Create a rock solid vetting process for new publishers.

All tracking platforms have their own publisher vetting process, with some being much more detailed than others. To ensure a trust-worthy publisher base, personally review all affiliate applications. It is a manual and time-consuming process, but is worth the effort in the end. To help speed up the process, put countries where fraud has a habit of originating from on auto-decline. The most common type of fraudulent publisher I am seeing lately are publishers with content sites that are related and look good for the program I am managing while having little actual traffic. If someone unseasoned was reviewing the application they would assuredly be accepted into the program. Once in the program they generally have a very high conversion ratio with bad leads. However, these sites do have a few tells that are easy to spot:

1) The banners for various programs in the tracking platform are listed on the site

2) They have low traffic scores when looking at Alexa and Google

Another type of suspect application I see are random publishers inserting extremely popular sites into the URL portion of the application. It is obvious that these people have nothing to do with the site, so that is an easy decline. But when it isn’t obvious, there are a few easy ways to gain information and put yourself ahead of the fraudsters:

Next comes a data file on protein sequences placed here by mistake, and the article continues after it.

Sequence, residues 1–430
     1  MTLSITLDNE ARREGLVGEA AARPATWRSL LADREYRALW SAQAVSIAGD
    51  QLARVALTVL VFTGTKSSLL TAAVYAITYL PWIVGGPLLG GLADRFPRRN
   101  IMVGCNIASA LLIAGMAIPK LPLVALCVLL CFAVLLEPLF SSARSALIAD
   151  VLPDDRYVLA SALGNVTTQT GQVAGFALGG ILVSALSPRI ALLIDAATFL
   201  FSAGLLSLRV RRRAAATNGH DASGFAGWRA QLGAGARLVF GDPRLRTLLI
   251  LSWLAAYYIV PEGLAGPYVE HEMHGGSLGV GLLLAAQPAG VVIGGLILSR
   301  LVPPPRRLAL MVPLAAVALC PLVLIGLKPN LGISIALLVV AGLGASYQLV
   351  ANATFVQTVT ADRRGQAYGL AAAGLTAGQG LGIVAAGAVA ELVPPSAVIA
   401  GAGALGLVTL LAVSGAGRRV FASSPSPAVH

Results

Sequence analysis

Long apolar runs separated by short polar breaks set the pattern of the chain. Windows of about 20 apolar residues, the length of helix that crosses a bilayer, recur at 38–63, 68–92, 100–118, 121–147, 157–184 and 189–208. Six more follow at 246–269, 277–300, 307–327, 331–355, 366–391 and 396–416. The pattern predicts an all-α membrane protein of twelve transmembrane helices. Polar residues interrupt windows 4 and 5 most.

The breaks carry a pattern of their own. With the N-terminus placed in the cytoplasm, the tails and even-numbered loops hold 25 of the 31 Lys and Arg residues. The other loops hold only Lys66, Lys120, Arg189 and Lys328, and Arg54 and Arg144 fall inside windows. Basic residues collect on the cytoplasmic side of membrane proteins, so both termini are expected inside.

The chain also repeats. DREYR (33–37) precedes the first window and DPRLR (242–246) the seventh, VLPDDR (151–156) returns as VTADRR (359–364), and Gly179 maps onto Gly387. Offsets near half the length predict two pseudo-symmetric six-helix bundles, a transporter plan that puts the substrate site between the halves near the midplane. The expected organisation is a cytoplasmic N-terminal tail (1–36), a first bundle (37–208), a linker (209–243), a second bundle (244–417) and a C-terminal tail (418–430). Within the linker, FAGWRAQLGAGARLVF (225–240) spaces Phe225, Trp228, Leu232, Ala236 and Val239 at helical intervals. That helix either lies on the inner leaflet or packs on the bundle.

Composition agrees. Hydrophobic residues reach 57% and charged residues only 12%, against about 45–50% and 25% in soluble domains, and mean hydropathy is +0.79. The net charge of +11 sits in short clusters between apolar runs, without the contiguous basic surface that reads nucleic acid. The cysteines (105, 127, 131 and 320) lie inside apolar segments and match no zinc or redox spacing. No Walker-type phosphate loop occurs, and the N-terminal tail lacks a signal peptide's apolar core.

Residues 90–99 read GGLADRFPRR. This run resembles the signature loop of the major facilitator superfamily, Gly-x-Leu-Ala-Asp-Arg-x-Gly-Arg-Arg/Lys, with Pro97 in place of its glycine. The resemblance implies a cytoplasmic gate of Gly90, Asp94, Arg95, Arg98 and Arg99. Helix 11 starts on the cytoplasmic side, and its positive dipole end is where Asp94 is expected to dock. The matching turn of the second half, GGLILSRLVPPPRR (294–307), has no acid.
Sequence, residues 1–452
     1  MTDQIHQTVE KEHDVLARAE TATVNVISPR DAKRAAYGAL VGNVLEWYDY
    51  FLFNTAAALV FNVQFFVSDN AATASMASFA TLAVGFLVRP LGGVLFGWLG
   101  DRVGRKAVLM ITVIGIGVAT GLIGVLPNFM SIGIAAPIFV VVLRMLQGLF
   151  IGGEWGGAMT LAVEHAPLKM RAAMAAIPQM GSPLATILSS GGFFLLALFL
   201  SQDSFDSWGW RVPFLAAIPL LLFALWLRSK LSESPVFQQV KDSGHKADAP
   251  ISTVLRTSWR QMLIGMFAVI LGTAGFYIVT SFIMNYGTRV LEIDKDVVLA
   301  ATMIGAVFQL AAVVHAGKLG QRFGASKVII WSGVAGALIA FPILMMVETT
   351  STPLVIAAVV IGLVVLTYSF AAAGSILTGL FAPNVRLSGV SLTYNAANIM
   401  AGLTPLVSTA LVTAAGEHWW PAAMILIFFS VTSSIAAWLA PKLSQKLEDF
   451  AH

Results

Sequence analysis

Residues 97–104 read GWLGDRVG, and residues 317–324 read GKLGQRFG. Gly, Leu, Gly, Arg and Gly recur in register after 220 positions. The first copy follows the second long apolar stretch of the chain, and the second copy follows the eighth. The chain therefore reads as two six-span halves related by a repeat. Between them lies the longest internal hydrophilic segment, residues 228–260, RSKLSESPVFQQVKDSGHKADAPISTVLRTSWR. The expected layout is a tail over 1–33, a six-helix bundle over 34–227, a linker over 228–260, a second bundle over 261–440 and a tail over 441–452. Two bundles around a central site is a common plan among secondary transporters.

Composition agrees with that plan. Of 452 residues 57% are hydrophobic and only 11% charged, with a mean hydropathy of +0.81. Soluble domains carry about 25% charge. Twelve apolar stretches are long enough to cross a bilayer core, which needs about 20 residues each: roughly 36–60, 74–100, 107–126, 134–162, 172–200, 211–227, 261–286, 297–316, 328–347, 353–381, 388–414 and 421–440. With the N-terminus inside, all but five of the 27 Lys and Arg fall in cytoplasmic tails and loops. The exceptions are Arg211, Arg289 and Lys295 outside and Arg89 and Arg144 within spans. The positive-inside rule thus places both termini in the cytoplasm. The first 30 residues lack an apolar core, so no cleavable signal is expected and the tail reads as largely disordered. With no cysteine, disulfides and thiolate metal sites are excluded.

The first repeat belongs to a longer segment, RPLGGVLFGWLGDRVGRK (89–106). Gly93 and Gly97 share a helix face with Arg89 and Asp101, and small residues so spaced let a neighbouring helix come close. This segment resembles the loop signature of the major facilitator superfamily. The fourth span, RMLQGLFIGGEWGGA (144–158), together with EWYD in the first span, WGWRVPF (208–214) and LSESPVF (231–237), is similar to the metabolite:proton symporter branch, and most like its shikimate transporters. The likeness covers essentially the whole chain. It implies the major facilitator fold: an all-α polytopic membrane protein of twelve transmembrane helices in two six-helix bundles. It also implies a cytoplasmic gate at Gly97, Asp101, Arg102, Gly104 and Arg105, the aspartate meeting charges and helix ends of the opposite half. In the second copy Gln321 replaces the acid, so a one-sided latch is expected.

1) Review the website – In many cases there will be information on the site that does not match up with the application or vice versa

2) Impose traffic restrictions – Create a minimum traffic requirement based on Alexa/Google/Anything else you want. Sites over a million in Alexa generally won’t generate any volume.

3) Make good use of a WHOIS tool – In many cases the domain information will be private, but when it’s not that information is helpful in determining the validity of an application

4) Reach Out – Any publisher that you are on the fence on in terms of acceptance or will be accepting you should reach out to in order to determine their marketing methods and begin a relationship. If it is a publisher you are unsure of and they don’t communicate back, well there is your answer. Invariably, some good publishers will be caught up in the net we’ve laid to prevent any fraud from entering the program.

This is a small price to pay for a clean program and in many cases they will reach out themselves allowing you to review everything again in a different light.

In the end, the most important way to keep your lead program fraud-free is to build long-lasting mutually-beneficial relationships with your publishers.

If you’re interested in learning how Schaaf-PartnerCentric builds highly valued lead programs, please request a consultation.